“You did!”

“I never!”

“You did! You sat at your dining table and told me and Lucy that you lied to Lex about wanting to marry him because you were in love with someone else!”

“And you got ‘therapy group guy’ from that?” she snarled.

“Who else could it be?”

“It’s you, you big lunkhead!”

Clark could almost feel his brain grind to a halt and his body lock up like the Tin Man before Dorothy squirted him with oil. This wasn’t just the last thing he’d expected, it was the last thing on a list of infinite possibilities. Lois loved him? Could she have actually said that?

During the moment he stood rooted to the platform, Lois’ face paled and she gasped. She turned and stumbled to the edge of the platform and jumped off, then rocketed almost straight up.

Clark knew that even if he could catch her, he couldn’t force her to listen to anything he might say.

So he sent it.

-* Lois, please come back. *-

-* No! *-

-* Please? I have something very important to tell you. *-

-* Oh, Clark, I swore I’d never say that to you! I’m so sorry! I never wanted to put any pressure on you or try to force you into anything or complicate your life or get in your way and now I’ve gone and done exactly what I didn’t want to do! Please forgive me! *-

-* There’s nothing to forgive. Please come back. *-

-* No! You’ll be reasonable and nice and forgiving and you’ll tell me how much I mean to you as a friend and how much you value our teamwork both in the office and in the field and I don’t think I could take that! *-

Amazing, he thought to himself. Even speaking mentally, she could put out the babble like no one else in the world. -* I promise you, Lois, that’s not what I want to say. *-

-* Then just send it to me! Please, Clark, I’m mortified! *-

-* You shouldn’t be. And I want to say this to your face. *-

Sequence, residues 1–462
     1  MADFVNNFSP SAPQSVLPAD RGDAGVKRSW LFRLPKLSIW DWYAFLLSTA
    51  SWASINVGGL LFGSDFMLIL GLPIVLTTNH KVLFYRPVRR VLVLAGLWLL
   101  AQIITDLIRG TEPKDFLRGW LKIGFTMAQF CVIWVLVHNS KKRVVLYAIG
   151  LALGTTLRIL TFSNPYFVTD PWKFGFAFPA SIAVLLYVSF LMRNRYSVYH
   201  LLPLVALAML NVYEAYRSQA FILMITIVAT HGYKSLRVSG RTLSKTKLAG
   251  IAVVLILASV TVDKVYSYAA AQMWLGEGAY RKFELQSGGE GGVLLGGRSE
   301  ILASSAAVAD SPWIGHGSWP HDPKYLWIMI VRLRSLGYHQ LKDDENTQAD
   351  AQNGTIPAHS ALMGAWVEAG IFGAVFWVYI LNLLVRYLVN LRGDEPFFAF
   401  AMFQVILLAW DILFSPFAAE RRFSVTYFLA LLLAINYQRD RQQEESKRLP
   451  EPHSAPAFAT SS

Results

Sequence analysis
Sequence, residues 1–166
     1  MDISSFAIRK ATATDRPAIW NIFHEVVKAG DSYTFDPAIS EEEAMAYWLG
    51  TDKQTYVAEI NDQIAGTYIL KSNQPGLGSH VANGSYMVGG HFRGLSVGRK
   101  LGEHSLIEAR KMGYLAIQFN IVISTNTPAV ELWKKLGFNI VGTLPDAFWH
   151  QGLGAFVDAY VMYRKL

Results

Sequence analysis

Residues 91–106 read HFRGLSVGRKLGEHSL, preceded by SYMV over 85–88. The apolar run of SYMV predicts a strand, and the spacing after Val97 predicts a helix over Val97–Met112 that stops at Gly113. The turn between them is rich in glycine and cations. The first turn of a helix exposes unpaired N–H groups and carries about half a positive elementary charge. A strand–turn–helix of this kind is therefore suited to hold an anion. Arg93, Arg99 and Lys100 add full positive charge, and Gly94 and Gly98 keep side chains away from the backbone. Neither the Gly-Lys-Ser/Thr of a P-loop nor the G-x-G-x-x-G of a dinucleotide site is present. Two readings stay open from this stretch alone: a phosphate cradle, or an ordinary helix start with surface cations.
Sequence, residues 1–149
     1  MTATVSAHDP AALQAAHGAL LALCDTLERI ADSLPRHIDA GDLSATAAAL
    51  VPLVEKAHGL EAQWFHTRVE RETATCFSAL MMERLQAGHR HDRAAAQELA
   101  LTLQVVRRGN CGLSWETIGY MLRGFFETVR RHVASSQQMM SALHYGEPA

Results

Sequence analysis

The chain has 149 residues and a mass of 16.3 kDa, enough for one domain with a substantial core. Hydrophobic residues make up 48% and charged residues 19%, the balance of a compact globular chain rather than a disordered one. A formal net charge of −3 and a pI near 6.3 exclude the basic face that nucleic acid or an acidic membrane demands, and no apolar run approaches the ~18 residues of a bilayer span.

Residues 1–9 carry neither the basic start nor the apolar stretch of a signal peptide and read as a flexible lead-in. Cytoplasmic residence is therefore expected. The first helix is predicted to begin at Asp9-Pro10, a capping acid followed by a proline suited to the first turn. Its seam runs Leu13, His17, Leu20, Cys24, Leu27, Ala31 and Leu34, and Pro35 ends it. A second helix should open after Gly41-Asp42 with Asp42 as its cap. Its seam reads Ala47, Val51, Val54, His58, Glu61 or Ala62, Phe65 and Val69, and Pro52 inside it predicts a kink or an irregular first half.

-* No! My face couldn’t take it either! *-

He sighed. -* Okay. Do you remember what Bob told us about the link? *-

-* He told us a lot of things and at the moment I’m not in the right frame of mind to list them in any kind of order. *-

-* He said we couldn’t lie to each other over the link. Remember that part? *-

-* Of course I do. That’s why I haven’t been leaving it open because I was trying to avoid this whole conversation. *-

-* Then remember that now. *- He took a deep breath and let it out slowly, then sent, -* I love you, Lois. *-


He could tell the link was open, but she wasn’t sending to him. -* Lois? *-

He waited for a moment, then — there! He felt something. He couldn’t tell just what it was, but he knew he’d felt it.

He looked up into the sky and saw a tiny speck quickly grow into a woman’s shape. A beautiful woman’s shape, he thought.

A heartbeat later, Lois stood in front of him, breathing deeply, her clothes and hair and skin speckled with frost. She’d really gained some altitude in a hurry, he mused.

But it wasn’t her strength or speed that came across to him at that moment.

Despite her strength, despite her speed, despite her other powers, she reminded him of a piece of ancient pottery he’d seen years before in a Middle Eastern museum. It was a carafe with a long fluted spout which had lost part of its handle. The display case was made of thick Plexiglas mounted on an earthquake-resistant base. The interior was a total vacuum to prevent the piece from shattering due to temperature changes or oxidation due to exposure to atmosphere. The room was darkened, and visitors had to wear infrared lenses to see the pottery so that the light wouldn’t fade the markings on it. The guide told the visitors that it was the most fragile piece in the entire complex, and a person could damage it just by breathing on it.

Compared to Lois at that moment, that pottery shard would have appeared as permanent as a mountain and solid as a battleship.

She took a trembling step forward and lifted her hand. “You’d better not be kidding me, Kent, or I’ll find a way to hurt you.”

He stepped closer and touched her raised right hand with his left. With his other hand, he wiped away the melting fragments of tears from her cheeks. “I’m not kidding you, Lois. I love you.”

He thought she was going to grab him around the neck, but she stopped herself. “Why didn’t you tell me this before?”

“Because you were dating another guy and I didn’t want to break that up. You and Lex seemed to get along so well, it would have been — I don’t know, unethical or something for me to try to horn in on what you two had going for you.”

She nodded. “How long have you felt this way about me?”

He frowned slightly. “What’s with the third degree? Don’t you believe me?”

Her voice wavered and cracked. “Please, Clark. I — I need to know.”

He nodded. “Okay. I guess, well, it must have been about the time you and he got back together after you had that big fight and he broke up with you. He was a total dummy about that, by the way.”